5. Is colistin effective in the treatment of infections caused by multidrug-resistant (MDR) or extremely drug-resistant (XDR) gram-negative microorganisms in children?

    PubMed

    Ozsurekci, Yasemin; Aykac, Kubra; Cengiz, Ali Bulent; Bayhan, Cihangul; Sancak, Banu; Karadag Oncel, Eda; Kara, Ates; Ceyhan, Mehmet

    2016-06-01

    The increasing incidence of infections caused by multidrug-resistant (MDR) or extremely drug-resistant (XDR) gram-negative organisms has led to the reemergence of colistin use. Clinical and demographic data were collected on 94 pediatric patients diagnosed with MDR or XDR gram-negative infections and treated with either a colistin-containing regimen (colistin group) or at least one antimicrobial agent other than colistin (noncolistin group). The overall clinical response rates were 65.8% in the colistin group and 70.0% in the noncolistin group (P = 0.33). The infection-related mortality rates were 11% in the colistin group and 13.3% in the noncolistin group (P = 0.74). There was no statistically significant difference in nephrotoxicity in the colistin and noncolistin groups. Colistin therapy was at least as effective and as safe as beta-lactam antibiotics or quinolones, with or without aminoglycosides, in the treatment of infections caused by gram-negative organisms and may be a therapeutic option in children. PMID:27041107

  6. A familial case of congenital hypothyroidism caused by a homozygous mutation of the thyrotropin receptor gene.

    PubMed

    Bretones, P; Duprez, L; Parma, J; David, M; Vassart, G; Rodien, P

    2001-10-01

    Most of the time congenital hypothyroidism appears as a sporadic disease. In addition to the rare defects in hormonosynthesis associated with goiters, the causes of congenital hypothyroidism include agenesis and ectopy of the thyroid gland. The study of some familial cases has allowed the identification of a few genes responsible for congenital hypothyroidism. We report here a familial case of congenital hypothyroidism, transmitted as a recessive trait, and caused by a homozygous mutation in the thyrotropin receptor (TSH-R). The initial diagnosis of thyroid agenesis, based on the absence of tracer uptake on scintiscan, was incorrect, because ultrasound examination identified severely hypoplastic thyroid tissue in the cervical region. PMID:11716047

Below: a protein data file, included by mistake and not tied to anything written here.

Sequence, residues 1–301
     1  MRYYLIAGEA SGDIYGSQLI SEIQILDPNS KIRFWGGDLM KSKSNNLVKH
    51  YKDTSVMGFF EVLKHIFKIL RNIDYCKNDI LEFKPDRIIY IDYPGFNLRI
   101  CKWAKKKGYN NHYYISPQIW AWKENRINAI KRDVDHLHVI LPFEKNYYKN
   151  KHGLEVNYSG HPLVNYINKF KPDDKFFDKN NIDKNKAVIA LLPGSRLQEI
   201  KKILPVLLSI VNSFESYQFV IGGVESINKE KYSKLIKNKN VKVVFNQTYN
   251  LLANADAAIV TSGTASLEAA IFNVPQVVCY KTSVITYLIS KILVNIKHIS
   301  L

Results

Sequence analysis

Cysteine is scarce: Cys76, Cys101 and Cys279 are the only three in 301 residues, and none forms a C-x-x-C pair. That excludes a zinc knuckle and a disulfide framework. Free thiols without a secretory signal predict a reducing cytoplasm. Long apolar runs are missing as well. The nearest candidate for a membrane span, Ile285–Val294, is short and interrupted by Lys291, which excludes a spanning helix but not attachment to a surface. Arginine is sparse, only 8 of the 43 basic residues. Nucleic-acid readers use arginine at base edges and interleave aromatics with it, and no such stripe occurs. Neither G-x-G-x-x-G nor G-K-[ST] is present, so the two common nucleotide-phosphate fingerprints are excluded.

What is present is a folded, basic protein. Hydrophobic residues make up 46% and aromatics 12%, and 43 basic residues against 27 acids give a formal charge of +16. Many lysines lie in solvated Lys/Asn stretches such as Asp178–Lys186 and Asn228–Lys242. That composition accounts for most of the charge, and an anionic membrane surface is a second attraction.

7. Mutations in the Proenteropeptidase Gene Are the Molecular Cause of Congenital Enteropeptidase Deficiency

    PubMed Central

    Holzinger, Andreas; Maier, Esther M.; Bück, Cornelius; Mayerhofer, Peter U.; Kappler, Matthias; Haworth, James C.; Moroz, Stanley P.; Hadorn, Hans-Beat; Sadler, J. Evan; Roscher, Adelbert A.

    2002-01-01

    Enteropeptidase (enterokinase [E.C.3.4.21.9]) is a serine protease of the intestinal brush border in the proximal small intestine. It activates the pancreatic proenzyme trypsinogen, which, in turn, releases active digestive enzymes from their inactive pancreatic precursors. Congenital enteropeptidase deficiency is a rare recessively inherited disorder leading, in affected infants, to severe failure to thrive. The genomic structure of the proenteropeptidase gene (25 exons, total gene size 88 kb) was characterized in order to perform DNA sequencing in three clinically and biochemically proved patients with congenital enteropeptidase deficiency who were from two families. We found compound heterozygosity for nonsense mutations (S712X/R857X) in two affected siblings and found compound heterozygosity for a nonsense mutation (Q261X) and a frameshift mutation (FsQ902) in the third patient. In accordance with the biochemical findings, all four defective alleles identified are predicted null alleles leading to a gene product not containing the active site of the enzyme. These data provide first evidence that proenteropeptidase-gene mutations are the primary cause of congenital enteropeptidase deficiency. PMID:11719902